By Gina Navaroli
Warm weather during the winter can sound appealing, but it is not ideal for preventing erosion.
With recent temperatures reaching the upper 50s, the ice at Pennsylvania’s Presque Isle State Park is getting beat up to the point that it no longer protects its Lake Erie beaches, park officials say.
Severe erosion occurs when waves travel in deeper water, according to Pennsylvania’s department of conservation and natural resources. The waves are less likely to hit the bottom of Lake Erie – making them more powerfully flood the shore.
The beaches that face most erosion are in the middle of the park. They are geographically set up to receive a prevailing northwest wind that comes across Lake Erie and mainly hits the midsection of the park, said Mathew Greene, the park’s operations manager.
Ice dunes form on the shore and protect the beaches from erosion, but ice has been sporadic, he said. Erosion takes away sand when the beaches lose ice protection mid-season.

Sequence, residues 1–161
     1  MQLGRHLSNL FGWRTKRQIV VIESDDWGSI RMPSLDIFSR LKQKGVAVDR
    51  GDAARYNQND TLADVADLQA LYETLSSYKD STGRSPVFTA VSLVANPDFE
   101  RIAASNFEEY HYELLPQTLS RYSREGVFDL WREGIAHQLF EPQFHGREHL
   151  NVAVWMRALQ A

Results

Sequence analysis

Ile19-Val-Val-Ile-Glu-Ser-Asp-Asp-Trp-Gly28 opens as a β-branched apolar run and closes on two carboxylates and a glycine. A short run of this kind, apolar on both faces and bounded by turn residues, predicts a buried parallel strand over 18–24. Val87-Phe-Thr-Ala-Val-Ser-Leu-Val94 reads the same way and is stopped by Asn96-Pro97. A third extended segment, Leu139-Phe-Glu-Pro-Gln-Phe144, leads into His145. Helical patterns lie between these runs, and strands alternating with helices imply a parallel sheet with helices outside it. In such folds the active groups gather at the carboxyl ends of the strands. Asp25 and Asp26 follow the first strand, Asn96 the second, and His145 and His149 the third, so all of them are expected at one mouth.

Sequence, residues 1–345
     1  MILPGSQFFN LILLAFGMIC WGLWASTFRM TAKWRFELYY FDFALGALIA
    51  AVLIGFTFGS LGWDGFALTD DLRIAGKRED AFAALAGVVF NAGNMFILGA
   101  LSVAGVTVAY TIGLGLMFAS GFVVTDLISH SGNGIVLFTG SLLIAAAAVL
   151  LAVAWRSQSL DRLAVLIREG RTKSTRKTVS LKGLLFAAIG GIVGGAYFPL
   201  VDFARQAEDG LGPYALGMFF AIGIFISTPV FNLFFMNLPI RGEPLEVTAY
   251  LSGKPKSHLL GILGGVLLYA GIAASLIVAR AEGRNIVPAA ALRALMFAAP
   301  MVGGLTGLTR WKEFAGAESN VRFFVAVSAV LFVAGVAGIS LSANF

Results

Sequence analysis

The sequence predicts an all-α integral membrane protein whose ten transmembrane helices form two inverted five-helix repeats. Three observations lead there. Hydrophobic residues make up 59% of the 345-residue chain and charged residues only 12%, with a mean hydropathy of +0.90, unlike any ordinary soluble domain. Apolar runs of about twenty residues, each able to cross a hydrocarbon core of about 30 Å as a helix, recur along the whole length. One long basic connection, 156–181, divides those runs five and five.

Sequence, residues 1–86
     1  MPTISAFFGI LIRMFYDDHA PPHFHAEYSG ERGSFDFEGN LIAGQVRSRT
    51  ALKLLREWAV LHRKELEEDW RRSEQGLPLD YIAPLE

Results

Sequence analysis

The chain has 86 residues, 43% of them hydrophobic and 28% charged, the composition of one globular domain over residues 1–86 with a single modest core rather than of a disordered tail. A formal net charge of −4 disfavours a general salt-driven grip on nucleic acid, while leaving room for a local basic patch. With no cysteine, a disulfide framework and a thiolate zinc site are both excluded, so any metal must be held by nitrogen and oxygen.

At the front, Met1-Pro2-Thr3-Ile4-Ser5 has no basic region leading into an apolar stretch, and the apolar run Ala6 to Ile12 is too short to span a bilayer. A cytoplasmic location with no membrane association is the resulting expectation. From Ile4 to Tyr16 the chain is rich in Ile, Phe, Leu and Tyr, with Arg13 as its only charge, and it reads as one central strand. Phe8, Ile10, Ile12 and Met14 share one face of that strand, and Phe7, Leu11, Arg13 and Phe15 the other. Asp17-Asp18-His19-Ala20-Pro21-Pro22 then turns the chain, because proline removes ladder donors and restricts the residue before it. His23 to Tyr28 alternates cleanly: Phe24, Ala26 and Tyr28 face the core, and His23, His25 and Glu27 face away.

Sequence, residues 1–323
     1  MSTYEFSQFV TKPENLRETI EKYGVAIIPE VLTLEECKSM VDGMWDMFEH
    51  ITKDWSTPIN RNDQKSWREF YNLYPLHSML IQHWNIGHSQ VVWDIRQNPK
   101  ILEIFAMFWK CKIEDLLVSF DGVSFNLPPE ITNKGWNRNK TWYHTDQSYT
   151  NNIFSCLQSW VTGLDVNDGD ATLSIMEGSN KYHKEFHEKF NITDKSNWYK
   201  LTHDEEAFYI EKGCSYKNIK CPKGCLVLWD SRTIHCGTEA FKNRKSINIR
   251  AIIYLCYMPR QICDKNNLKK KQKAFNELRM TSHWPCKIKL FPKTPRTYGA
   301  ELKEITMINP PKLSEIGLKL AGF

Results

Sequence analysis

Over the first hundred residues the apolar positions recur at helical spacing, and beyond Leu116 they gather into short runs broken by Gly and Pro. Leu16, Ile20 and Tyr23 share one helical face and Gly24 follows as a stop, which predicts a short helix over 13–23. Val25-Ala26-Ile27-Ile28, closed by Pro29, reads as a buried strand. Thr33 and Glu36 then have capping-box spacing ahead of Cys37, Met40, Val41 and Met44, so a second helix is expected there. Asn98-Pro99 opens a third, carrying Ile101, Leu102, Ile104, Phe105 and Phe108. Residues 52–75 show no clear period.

That does not mean ice stops erosion, but it slows it down.
Presque Isle has had higher than average lake levels since 2015, Greene said. The combination of high winds and waves, along with higher water levels have brought erosional forces much higher than normal lake level years.
With warmer weather preventing ice, Greene said waves have risen even further up the beach and exacerbate erosion in areas where water levels are usually lower.
Once heavy winds and waves start to drop, springtime brings relief. Around March, April and May, the beaches get a light, natural replenishment from sand that erodes again in the winter. Lower wave action in the summer allows sand to be pushed back up from underwater and onto the beaches.
But natural replenishment is not enough.
The park pays 50 percent of a coordination process to the U.S. Army Corps of Engineers to manage the yearly fund for replenishment and to hire contractors.
This year, $3 million will go toward purchasing sand and coordinating the replenishment in areas that have experienced the most erosion. Contractors will conduct a yearly beach walk to determine where to replenish.
“That walk is probably the most important walk we do,” Greene said. “It is going to inform where the contractor is going to be placing sand for this year.”
The park targets about 38,000 to 40,000 cubic yards of sand each year in areas where sand is not naturally received.
Until the beach walk, the weather is unpredictable for now.
“It (erosion) kind of goes in cycles,” Greene said. “We kind of roll with the punches on a regular basis here with what the weather gets us.”